Retirement assets generally transfer directly to properly designated beneficiaries without passing through probate. However, the downside is that these assets are often subject to federal and state income tax, as well as possible federal and state estate tax. To help reduce the burden, plan properly, utilize the deduction for federal estate taxes paid on these assets, and understand the required minimum distribution (RMD) rules.
Steps to help reduce taxes
Do retirement accounts pass through probate?
NO, as long as the beneficiaries are properly designated. Keep in mind that if the will stipulates anything about such accounts, the named beneficiaries take precedence over the will and the assets will be distributed to the named beneficiaries on the accounts.
YES, if there are no beneficiaries named on the account and if the plan documents or any associated IRA custodial agreements do not specifically address who would then be the beneficiary. For example, generally if all of the named beneficiaries have passed away first and the designation was never updated, the account will be subject to probate.
There are several things you can do in the estate planning process that may help reduce taxes on the retirement assets you pass on to your beneficiaries. Consult a tax advisor about your situation.
- Designate your beneficiaries carefully and review your designations before you’re required to begin taking distributions from your retirement plan accounts. Your choices may impact the RMD options from your accounts by your beneficiaries.
- Inform your beneficiaries that they may be able to take an income tax deduction for federal estate tax paid with respect to the retirement account; this can substantially reduce the income tax they will owe when they withdraw the assets.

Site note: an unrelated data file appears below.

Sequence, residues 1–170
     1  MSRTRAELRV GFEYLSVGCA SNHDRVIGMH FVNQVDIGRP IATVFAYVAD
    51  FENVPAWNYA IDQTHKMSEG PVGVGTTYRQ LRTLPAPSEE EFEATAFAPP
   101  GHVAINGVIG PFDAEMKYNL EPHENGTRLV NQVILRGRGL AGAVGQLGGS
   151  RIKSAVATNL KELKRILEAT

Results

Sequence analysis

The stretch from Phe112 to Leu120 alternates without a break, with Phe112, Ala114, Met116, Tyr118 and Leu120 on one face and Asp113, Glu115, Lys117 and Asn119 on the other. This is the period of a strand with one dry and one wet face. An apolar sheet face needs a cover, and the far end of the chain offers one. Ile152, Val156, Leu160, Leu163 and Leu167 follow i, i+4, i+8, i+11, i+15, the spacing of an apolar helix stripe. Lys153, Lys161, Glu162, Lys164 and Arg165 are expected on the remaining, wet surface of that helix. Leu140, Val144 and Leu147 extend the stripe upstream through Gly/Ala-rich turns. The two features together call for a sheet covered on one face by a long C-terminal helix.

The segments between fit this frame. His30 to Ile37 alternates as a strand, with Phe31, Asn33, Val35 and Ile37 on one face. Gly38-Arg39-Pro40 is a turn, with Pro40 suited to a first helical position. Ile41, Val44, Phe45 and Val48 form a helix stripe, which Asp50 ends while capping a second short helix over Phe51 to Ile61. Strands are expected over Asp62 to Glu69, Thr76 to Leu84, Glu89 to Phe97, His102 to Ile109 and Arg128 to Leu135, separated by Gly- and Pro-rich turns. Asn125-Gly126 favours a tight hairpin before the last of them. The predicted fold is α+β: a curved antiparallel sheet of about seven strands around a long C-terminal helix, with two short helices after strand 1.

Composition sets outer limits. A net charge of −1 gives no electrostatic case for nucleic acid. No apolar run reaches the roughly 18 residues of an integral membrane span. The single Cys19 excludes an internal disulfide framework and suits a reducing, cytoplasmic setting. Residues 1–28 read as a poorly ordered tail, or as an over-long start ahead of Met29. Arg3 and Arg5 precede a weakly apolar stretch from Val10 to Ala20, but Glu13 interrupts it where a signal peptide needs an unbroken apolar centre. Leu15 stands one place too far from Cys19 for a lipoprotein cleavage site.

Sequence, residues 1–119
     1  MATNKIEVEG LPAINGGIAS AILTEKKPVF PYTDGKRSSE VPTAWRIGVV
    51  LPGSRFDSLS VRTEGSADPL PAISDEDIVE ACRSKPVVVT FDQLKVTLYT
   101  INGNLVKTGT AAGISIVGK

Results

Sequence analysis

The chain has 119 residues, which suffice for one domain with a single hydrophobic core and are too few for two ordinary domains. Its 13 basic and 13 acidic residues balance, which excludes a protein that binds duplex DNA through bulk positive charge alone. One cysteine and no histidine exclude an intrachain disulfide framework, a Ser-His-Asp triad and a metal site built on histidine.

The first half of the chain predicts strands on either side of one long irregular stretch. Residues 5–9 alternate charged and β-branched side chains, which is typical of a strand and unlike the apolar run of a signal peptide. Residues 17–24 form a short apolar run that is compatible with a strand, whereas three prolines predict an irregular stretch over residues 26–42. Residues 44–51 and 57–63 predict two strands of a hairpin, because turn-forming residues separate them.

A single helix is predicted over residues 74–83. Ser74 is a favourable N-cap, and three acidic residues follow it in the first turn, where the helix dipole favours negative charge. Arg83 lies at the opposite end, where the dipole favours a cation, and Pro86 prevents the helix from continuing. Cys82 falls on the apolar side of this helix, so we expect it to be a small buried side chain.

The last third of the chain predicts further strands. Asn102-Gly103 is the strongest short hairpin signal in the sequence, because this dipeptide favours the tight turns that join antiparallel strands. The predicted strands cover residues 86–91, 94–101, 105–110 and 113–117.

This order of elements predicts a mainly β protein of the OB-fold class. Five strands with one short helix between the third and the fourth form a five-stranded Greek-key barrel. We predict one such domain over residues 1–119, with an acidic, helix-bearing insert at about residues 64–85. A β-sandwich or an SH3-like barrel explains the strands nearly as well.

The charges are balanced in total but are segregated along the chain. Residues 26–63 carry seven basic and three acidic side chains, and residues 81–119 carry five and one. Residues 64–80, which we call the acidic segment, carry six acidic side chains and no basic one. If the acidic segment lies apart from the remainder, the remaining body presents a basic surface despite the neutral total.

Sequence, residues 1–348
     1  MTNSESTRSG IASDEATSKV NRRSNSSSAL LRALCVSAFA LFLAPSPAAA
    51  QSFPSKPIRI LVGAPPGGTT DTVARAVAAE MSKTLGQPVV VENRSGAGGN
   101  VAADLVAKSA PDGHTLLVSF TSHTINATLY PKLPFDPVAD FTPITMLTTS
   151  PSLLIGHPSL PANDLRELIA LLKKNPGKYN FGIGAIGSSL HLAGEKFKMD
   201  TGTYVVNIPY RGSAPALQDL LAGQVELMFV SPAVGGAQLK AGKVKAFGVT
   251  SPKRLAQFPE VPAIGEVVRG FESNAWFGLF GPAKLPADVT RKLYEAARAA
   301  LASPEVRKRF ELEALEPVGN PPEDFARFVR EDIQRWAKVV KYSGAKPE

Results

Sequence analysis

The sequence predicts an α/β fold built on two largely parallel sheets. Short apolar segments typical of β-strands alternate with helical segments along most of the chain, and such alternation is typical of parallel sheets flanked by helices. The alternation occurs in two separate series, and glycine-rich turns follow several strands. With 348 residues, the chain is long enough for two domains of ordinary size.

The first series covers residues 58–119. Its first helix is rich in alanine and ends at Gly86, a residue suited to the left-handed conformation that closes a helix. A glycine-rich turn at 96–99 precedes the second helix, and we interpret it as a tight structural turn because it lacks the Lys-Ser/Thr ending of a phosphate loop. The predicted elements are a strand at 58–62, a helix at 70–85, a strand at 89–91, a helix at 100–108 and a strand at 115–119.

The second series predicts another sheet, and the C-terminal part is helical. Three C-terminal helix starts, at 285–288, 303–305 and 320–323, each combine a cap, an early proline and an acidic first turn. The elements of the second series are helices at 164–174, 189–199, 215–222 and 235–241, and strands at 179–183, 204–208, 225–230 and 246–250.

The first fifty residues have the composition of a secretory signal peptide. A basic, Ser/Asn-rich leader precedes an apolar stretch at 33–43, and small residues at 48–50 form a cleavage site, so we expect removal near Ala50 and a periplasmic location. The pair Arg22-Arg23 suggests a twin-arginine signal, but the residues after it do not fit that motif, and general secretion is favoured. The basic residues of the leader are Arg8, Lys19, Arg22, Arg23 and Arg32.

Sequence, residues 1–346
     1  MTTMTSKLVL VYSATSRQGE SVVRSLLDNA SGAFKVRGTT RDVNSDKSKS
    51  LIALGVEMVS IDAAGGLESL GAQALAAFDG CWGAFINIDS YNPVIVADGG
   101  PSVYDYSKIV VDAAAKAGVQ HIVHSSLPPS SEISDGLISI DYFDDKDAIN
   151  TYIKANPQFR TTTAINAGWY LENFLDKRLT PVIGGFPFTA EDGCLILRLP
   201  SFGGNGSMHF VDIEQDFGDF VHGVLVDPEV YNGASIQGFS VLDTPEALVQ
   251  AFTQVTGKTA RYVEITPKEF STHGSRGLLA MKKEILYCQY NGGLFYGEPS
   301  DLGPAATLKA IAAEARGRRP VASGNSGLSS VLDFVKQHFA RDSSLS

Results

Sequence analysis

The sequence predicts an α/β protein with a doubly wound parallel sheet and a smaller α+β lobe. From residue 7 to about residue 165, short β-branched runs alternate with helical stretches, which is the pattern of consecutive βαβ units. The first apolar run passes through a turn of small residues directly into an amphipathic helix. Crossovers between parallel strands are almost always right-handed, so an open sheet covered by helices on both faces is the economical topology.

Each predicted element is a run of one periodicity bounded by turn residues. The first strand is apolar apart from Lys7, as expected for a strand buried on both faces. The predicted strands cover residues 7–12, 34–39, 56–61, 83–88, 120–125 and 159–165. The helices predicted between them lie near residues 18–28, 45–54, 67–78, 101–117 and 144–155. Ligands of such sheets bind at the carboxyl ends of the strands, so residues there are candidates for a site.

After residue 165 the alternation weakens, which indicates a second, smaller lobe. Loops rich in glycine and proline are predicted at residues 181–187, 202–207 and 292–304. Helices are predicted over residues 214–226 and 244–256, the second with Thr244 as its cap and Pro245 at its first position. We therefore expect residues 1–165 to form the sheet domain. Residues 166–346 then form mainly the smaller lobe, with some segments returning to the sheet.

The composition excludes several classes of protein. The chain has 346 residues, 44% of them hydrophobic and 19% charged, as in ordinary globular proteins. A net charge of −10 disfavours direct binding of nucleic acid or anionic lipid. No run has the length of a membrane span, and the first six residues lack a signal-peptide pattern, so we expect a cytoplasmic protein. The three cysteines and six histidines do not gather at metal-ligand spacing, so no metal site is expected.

- Consider an irrevocable life insurance trust (ILIT) to provide liquidity to pay the federal estate tax related to your retirement assets. This can help avoid leaving your beneficiaries in a position where they have to accelerate distributions to cover estate taxes.
- If you plan to leave some of your estate to charity, consider designating retirement plan assets for this purpose. These assets may escape both estate and income tax. Consider placing these assets in a separate retirement account to preserve payout options for your other retirement account beneficiaries.
- Make your beneficiaries aware that they will need to take RMDs. The rules can be complicated. A tax advisor can help explain the requirements to you and your beneficiaries.
There are also special provisions for surviving spouses in most retirement plans.
To learn about the options your beneficiaries will have when inheriting an IRA, see Fidelity Viewpoints® on Non-Spouse Inherited IRAs.
401(k)s and other defined-contribution plans
Although staying in plan may be desirable for your beneficiary, the plan's rules may require an immediate distribution. Your beneficiary may be able to stay in the plan and take distributions, or the plan may require an immediate distribution. If the plan requires an immediate distribution, your beneficiary can elect a direct trustee-to-trustee transfer to an inherited IRA at the financial institution of their choosing. If your beneficiary is your spouse, in addition to the option mentioned above, your spouse may be able to transfer the inherited benefit to their own employer sponsored plan or to their own IRA. The plans follow roughly the same guidelines for what is taxable as IRAs, but other features may vary. It's a good idea to have your beneficiary know what options they have under the plan.
Considerations if creditor protection is of concern
If creditor protection issues are a concern to you, the U.S. Supreme Court has opined that an inherited IRA is not eligible for bankruptcy protection (unless there is a separate state law providing such protection). This decision highlights the importance of beneficiary designations for each of your retirement accounts. For situations where creditor protection is of paramount concern and ERISA protection is not available, the use of trusts as beneficiaries may grow in popularity. Regardless, discussing this in advance with your attorney or tax advisor may help you to avoid any unintended consequences.